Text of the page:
He is Withanage Jayawardana Perera; we call him ‘Jaya’.
I have travelled many times in the office vehicle driven by him. On one such tour, we visited Rambukkana to write a media report on a medical clinic that had been set up following the 2016 landslide. The clinic was conducted by the Ministry of Health of Sabaragamuwa Province with the assistance of Family Planning Association and Sri Lanka Red Cross under the patronage of United Nations Population Fund (UNFPA).
The landslide of Samasarakanda took more than 100 lives in May 2016, and I wanted to visit the refugee camp to investigate further and speak with the survivors of the area. However, it was quite a distance from the medical clinic.
“Shall we go there, Jaya?”, I asked.
Without hesitation, he agreed.
Jaya is always ready to go anywhere at any time. I still remember how he almost broke down when he saw the terrible landslide site and the depressing state of camps following the disaster.
On our way, he recalls many stories from his past.
He describes one incident with a former Assistant Representative of UNFPA, where they narrowly escaped an exchange of gunfire between the state military and rebels at Muttur, as they were returning from a camp visit. It was the year 2007, immediately after the war broke out and 17 aid workers of an international organization had already disappeared.
Jaya was born on 4th July 1955 in Piliyandala, and he will retire on 31 July 2017 - because he has reached the maximum working age of 62. His career deserves special attention not only for his experiences but because he has worked for forty years in United Nations office in Sri Lanka. He might even be one of few who have been working at the UN for such a long time.
“After grade 8, I went to Colombo with my father. I first joined the personal staff of World Bank’s first Sri Lanka Country Director, David Thomas. After that, I worked at the UN Information Centre and the United Nations Development Programme, as a minor employee.”
Jaya first joined UNFPA in 1978 as member of the personal staff of UNFPA's first Representative of Sri Lanka Dr. Majeed Khan.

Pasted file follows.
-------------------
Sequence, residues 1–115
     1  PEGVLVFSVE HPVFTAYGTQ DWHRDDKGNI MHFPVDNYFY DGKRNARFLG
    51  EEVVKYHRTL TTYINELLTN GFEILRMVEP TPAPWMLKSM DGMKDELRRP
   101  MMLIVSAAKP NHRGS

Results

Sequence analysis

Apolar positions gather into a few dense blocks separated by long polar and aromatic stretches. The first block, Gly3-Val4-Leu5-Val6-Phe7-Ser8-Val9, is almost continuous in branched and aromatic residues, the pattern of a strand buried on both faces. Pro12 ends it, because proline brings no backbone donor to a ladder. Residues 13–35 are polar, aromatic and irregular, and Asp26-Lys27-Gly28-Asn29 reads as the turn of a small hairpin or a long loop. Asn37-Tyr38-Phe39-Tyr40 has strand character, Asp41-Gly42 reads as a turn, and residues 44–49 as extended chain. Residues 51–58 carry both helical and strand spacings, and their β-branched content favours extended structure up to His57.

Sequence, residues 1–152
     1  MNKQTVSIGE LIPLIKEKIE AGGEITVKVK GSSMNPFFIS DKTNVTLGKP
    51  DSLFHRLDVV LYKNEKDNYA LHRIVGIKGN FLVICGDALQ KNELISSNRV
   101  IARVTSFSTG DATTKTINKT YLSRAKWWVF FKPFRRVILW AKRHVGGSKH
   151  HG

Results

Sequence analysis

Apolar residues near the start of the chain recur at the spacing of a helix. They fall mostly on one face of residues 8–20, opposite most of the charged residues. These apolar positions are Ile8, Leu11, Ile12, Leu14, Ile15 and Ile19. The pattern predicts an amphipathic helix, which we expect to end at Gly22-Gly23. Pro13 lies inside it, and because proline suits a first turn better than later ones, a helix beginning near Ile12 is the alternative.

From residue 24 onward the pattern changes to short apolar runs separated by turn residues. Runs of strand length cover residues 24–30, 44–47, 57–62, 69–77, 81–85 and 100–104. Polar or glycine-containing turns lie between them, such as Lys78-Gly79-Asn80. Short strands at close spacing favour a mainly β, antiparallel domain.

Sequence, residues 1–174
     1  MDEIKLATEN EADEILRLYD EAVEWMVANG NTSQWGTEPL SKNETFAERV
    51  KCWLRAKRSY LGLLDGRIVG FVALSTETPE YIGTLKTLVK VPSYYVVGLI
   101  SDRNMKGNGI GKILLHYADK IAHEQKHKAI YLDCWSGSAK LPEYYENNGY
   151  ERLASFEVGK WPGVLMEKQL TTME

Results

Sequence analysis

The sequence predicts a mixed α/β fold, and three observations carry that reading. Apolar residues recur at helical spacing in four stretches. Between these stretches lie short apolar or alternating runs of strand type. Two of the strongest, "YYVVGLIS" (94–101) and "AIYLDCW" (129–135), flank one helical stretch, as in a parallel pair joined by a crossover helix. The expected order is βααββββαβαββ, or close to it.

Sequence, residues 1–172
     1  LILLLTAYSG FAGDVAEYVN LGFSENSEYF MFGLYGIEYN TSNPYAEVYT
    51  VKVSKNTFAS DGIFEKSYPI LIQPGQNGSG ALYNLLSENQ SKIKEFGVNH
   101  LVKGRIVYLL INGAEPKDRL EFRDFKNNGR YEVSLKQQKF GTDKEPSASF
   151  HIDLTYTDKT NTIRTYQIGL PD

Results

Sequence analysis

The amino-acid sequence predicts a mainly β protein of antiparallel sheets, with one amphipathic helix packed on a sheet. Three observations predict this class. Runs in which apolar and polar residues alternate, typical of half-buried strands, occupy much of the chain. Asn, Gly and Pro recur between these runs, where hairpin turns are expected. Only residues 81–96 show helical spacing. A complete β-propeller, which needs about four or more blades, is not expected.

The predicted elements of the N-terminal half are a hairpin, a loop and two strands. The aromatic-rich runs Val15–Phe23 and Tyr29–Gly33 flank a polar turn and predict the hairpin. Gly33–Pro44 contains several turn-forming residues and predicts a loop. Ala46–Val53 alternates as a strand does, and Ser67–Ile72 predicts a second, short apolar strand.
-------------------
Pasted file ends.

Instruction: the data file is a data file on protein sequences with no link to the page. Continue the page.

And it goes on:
“I first worked as a minor employee but my ambition was to become a driver. After a brief assignment at the UN, as a messenger driver, I was able to get close to my ambition.”
Jaya obtained his driving license in a time when the country was in chaos. He now shows his driving license, with a lot of pride – the address reads: No. 203, Bullers Road, Colombo, the previous UN headquarters of Sri Lanka.
During his 19-year tenure as a driver at the UN, Jaya has driven vehicles to every part of the island.
“I enjoyed my work life. Although I had certain weaknesses, the chiefs considered them amicably,” Jaya says with gratitude.
This is not the end of the road for Jaya. He retires with a few plans up his sleeve.
“I have been invited to work as a personal driver after retiring. I am also thinking of helping my only daughter start a business in handicrafts”.
I saved the best part for last.
Not only did Jaya spend most of his life with the UN, he also met the love of his love here. His wife K.A. Sumanawathi was employed at the UN Information Centre when they first met. She is now looking after Jaya’s beautiful house in Bokundara, in the outskirts of Colombo city maintaining a beautiful garden.
It is a well-known fact that the other drivers wait eagerly every afternoon until Jaya opens his packed lunch, so that they may have a taste of his delicious food, lovingly cooked by his wife.